Author(s): Heitmann BL, Kaprio J, Harris JR, Rissanen A, Korkeila M,
Abstract Share this page
Abstract A large number of studies have shown that obesity is both under genetic control and influenced by several environmental factors, including energy expenditure and intake. Several studies in animals and humans have furthermore suggested that certain environmental factors, such as a high fat intake, may modify the expression of the genes responsible for weight gain. The present study examined whether physical activity, measured at the baseline examination in 1975, was likely to play a differential role in subsequent weight changes in the following 6 y in 1571 monozygotic and 3029 dizygotic, same-sex twin pairs from the Finnish Twin Cohort Study. A hierarchical multiple-regression analysis was used to test for gene-environment interactions by identifying significant three-way interactions between genetic factors, physical activity, and weight change. The results showed that associations between weight change in twin A and twin B were significantly stronger for monozygotic than for same-sex dizygotic twins at all levels of physical activity. Additionally, in the monozygotic men the strength of the association varied with physical activity level, and the association between the change in body mass index between the twin pairs with the highest physical activity level was about three times stronger (beta = 0.40) than the association in twin pairs with the lowest physical activity level (beta = 0.15, P for trend = 0.002). In pairs of dizygotic men, and in both monozygotic and dizygotic women, similarity in body mass index change was independent of physical activity level (all P > 0.14). The present study showed that genetic factors may modify the effects of physical activity on weight change, and suggests that a sedentary lifestyle may have an obesity-promoting effect in men with a genetic predisposition.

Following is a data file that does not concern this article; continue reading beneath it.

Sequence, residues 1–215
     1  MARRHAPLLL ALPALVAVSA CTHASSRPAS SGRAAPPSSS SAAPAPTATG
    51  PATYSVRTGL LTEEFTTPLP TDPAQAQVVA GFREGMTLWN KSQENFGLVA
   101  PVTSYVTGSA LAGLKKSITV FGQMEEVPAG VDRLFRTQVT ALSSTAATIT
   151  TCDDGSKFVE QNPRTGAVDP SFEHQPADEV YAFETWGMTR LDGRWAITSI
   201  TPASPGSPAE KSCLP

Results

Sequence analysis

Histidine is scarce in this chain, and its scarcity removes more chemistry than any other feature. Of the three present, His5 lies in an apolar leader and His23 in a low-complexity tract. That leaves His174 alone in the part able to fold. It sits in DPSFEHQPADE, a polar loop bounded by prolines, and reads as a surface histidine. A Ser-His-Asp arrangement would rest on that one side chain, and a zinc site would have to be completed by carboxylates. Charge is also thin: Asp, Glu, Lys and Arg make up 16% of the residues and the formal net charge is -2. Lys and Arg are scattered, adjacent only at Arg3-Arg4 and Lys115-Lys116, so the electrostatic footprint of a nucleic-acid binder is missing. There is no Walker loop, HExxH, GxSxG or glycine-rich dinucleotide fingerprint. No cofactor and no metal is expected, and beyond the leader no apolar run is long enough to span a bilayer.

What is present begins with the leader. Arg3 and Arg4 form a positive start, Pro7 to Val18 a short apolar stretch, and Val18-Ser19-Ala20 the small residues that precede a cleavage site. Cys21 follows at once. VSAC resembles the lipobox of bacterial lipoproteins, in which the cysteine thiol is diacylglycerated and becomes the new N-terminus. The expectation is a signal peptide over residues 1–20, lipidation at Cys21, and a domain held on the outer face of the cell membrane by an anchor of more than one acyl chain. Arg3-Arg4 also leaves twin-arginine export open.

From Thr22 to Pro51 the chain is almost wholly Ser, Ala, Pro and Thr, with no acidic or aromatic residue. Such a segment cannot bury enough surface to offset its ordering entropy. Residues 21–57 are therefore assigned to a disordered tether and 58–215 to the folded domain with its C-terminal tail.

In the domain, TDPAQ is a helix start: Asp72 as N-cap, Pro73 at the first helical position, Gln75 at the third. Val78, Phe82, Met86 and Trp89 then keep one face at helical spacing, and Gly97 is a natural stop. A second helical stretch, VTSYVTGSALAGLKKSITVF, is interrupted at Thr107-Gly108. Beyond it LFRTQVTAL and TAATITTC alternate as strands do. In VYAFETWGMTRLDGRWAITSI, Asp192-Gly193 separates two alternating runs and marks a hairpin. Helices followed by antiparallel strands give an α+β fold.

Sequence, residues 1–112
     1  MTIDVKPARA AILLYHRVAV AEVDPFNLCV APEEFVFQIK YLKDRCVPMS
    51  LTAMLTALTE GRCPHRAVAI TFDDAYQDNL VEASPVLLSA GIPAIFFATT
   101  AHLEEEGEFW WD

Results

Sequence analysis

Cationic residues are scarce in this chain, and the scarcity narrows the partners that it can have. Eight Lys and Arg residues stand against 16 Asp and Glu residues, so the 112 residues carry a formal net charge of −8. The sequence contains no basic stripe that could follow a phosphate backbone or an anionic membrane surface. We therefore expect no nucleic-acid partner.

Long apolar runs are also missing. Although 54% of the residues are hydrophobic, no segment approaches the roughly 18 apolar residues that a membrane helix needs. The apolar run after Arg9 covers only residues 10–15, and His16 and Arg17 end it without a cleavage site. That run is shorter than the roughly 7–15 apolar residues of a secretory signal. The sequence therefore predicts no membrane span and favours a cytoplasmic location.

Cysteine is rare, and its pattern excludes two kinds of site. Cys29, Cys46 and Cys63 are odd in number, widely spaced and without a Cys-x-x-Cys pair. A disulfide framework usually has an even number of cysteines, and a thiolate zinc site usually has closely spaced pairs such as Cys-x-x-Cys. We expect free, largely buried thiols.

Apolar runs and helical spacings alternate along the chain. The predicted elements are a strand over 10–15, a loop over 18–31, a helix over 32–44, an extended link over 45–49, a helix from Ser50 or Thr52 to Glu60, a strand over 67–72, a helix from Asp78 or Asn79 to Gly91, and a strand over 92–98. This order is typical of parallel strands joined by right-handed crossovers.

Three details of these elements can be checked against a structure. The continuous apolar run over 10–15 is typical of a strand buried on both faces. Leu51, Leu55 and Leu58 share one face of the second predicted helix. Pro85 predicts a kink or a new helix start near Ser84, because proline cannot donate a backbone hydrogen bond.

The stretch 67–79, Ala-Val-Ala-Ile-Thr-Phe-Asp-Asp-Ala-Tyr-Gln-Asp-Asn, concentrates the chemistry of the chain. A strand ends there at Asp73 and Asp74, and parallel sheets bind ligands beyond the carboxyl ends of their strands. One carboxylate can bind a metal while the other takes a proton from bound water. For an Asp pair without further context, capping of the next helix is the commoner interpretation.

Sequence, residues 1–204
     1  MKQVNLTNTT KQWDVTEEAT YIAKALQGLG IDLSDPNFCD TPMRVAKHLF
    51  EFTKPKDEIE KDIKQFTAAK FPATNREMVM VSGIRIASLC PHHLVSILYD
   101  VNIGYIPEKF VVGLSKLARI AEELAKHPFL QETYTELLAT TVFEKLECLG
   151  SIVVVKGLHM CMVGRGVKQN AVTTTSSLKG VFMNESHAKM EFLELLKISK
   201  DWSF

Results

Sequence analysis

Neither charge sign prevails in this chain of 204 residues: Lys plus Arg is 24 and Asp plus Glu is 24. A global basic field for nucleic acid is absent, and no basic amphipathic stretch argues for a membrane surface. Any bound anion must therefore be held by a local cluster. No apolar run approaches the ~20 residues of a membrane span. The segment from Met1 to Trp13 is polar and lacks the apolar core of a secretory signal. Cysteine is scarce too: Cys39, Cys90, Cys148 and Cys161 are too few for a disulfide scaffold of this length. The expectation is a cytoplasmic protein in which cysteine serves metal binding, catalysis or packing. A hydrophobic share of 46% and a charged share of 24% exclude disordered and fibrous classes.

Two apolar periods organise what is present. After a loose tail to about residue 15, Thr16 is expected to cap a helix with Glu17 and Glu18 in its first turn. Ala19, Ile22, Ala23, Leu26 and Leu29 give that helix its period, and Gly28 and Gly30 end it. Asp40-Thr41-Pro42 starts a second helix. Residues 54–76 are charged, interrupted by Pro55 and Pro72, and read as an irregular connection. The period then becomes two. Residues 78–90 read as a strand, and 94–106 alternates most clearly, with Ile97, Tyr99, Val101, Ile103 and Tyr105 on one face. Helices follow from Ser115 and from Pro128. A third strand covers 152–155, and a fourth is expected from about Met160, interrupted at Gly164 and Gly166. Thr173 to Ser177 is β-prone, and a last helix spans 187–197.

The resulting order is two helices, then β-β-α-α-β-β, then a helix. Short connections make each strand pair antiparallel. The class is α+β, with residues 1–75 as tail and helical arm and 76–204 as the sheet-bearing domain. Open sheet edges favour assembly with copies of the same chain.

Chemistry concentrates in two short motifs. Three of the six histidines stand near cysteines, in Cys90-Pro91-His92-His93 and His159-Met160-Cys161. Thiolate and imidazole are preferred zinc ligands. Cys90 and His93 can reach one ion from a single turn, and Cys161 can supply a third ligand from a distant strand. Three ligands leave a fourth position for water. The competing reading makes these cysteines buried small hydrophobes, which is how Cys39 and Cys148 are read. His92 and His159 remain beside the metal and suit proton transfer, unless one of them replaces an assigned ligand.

This article was published in Am J Clin Nutr
and referenced in Journal of Obesity & Weight Loss Therapy